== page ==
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Detecting declines in the abundance of a bull trout (Salvelinus confluentus) population: Understanding the accuracy, precision, and costs of our efforts

Canadian Journal of Fisheries and Aquatic Sciences

By:
, ,
DOI: 10.1139/F09-026

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Abstract

Using empirical field data for bull trout (Salvelinus confluentus), we evaluated the trade-off between power and sampling effort-cost using Monte Carlo simulations of commonly collected mark-recapture-resight and count data, and we estimated the power to detect changes in abundance across different time intervals. We also evaluated the effects of monitoring different components of a population and stratification methods on the precision of each method. Our results illustrate substantial variability in the relative precision, cost, and information gained from each approach. While grouping estimates by age or stage class substantially increased the precision of estimates, spatial stratification of sampling units resulted in limited increases in precision. Although mark-resight methods allowed for estimates of abundance versus indices of abundance, our results suggest snorkel surveys may be a more affordable monitoring approach across large spatial scales. Detecting a 25% decline in abundance after 5 years was not possible, regardless of technique (power = 0.80), without high sampling effort (48% of study site). Detecting a 25% decline was possible after 15 years, but still required high sampling efforts. Our results suggest detecting moderate changes in abundance of freshwater salmonids requires considerable resource and temporal commitments and highlight the difficulties of using abundance measures for monitoring bull trout populations.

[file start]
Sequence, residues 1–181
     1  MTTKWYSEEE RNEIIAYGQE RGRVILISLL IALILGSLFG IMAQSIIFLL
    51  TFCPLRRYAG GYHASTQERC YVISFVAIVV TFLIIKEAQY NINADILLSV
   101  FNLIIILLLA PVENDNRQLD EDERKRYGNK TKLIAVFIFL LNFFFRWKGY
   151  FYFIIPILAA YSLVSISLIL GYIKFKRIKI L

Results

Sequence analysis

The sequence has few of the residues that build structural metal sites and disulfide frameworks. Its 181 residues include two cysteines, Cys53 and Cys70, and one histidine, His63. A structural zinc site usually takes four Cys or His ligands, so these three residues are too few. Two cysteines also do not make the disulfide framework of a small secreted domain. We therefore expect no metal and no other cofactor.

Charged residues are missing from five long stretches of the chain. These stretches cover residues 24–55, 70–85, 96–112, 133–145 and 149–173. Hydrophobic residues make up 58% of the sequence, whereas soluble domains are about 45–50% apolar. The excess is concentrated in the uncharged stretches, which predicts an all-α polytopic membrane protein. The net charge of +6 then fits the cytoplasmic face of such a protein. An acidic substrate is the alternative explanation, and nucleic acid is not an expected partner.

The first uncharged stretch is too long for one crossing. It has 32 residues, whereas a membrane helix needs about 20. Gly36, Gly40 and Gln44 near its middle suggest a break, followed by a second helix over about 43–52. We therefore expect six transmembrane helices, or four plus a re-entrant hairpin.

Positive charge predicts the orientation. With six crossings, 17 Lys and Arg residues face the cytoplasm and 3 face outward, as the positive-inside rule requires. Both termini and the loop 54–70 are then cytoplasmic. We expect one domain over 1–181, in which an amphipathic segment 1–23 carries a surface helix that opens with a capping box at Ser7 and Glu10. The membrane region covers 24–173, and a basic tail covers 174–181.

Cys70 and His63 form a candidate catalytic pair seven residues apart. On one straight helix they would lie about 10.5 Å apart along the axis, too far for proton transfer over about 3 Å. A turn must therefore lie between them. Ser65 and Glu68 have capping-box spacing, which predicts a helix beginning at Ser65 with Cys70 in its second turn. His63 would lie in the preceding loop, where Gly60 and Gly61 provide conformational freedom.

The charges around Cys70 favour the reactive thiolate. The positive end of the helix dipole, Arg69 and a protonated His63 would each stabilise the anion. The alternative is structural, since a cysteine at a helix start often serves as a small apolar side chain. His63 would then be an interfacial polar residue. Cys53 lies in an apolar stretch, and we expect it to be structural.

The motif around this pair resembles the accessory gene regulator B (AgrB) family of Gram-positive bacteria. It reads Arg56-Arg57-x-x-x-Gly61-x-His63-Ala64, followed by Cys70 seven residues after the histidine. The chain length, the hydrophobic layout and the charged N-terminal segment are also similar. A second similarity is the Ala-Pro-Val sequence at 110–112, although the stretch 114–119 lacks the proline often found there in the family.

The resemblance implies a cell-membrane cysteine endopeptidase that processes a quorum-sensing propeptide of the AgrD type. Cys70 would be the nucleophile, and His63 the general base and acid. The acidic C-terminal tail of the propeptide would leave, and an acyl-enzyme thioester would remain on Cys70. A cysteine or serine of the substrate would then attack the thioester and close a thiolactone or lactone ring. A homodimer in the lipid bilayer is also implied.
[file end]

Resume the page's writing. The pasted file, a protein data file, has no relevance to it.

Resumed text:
Additional Publication Details

Publication type:
Article
Publication Subtype:
Journal Article
Title:
Detecting declines in the abundance of a bull trout (Salvelinus confluentus) population: Understanding the accuracy, precision, and costs of our efforts
Series title:
Canadian Journal of Fisheries and Aquatic Sciences
DOI:
10.1139/F09-026
Volume
66
Issue:
4
Year Published:
2009
Language:
English
Larger Work Type:
Article
Larger Work Subtype:
Journal Article
First page:
649
Last page:
658
Number of Pages:
10